Cemetery Bylaw Should be Changed, Cambridge Mayor Says
Greg Mercer, Record staff
Tue Mar 20 2012
The mayor said he’s fielded plenty of calls from citizens angered by news a Hespeler man’s wishes to be buried at New Hope cemetery with a soldier’s grave marker clashes with a bylaw that says that marker isn’t big enough.
The standard Canadian military headstone, used in cemeteries throughout Canada and the world, is three inches thick — five inches too thin for the required dimensions of the bylaw, designed to ward off vandalism.
The family of Capt. Paul “Spike” Zvaniga, who served 28 years in the Royal Canadian Air Force, found that out the hard way after he died of cancer last week.
The mayor said the bylaw — called “ridiculous” by Manon Bourbeau, a liaison to the National Military Cemetery in Ottawa — was never designed to ban soldiers’ headstones.
“There was no intention here to block anybody out. It was an oversight,” Mayor Craig said. “We’re going to correct it to make sure this doesn’t happen again.”
City council plans to make an amendment to the bylaw that would allow an exemption in the case of Zvaniga, who wanted to be buried in his hometown.
They’ll also ask city staff to look into ways to change the cemetery bylaw so this problem doesn’t come up again, the mayor said.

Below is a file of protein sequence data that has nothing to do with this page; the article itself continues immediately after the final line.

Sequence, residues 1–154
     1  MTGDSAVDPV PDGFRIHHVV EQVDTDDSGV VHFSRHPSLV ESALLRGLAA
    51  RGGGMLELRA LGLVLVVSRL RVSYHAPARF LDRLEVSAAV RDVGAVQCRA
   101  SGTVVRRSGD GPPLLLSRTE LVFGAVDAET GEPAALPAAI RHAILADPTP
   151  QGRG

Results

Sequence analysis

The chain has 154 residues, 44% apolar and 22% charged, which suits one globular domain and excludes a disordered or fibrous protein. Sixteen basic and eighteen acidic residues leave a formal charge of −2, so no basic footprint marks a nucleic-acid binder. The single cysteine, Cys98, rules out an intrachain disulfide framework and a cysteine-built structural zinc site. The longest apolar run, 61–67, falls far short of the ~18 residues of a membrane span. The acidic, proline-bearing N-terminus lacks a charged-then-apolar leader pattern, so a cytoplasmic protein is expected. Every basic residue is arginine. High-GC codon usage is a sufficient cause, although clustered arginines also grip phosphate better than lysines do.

“It became very obvious yesterday afternoon we have an issue with the bylaw. There’s an oversight there, obviously,” he said.
He also said Zvaniga’s family should not have had to deal with this added stress while preparing for a funeral.
“We all feel terribly sorry for how this has unfolded and we feel bad we’ve added more grief to this particular family,” he said.
Zvaniga’s son Eric, meanwhile, said the family is just glad the city is fixing the bylaw.
“My hope is it’s not just an exception for my father, but an amendment that allows other veterans to be buried the way they choose,” he said.
Coun. Rick Cowsill, who represents Hespeler and is a former president of the local Legion branch, said most councillors didn’t even know there was a size restriction for headstones in city cemeteries.
“It’s news to me we even had a bylaw like that, and I’m sure most members of council aren’t aware of it, either,” he said. “I think it’s probably a glitch that nobody thought of many, many years ago.”
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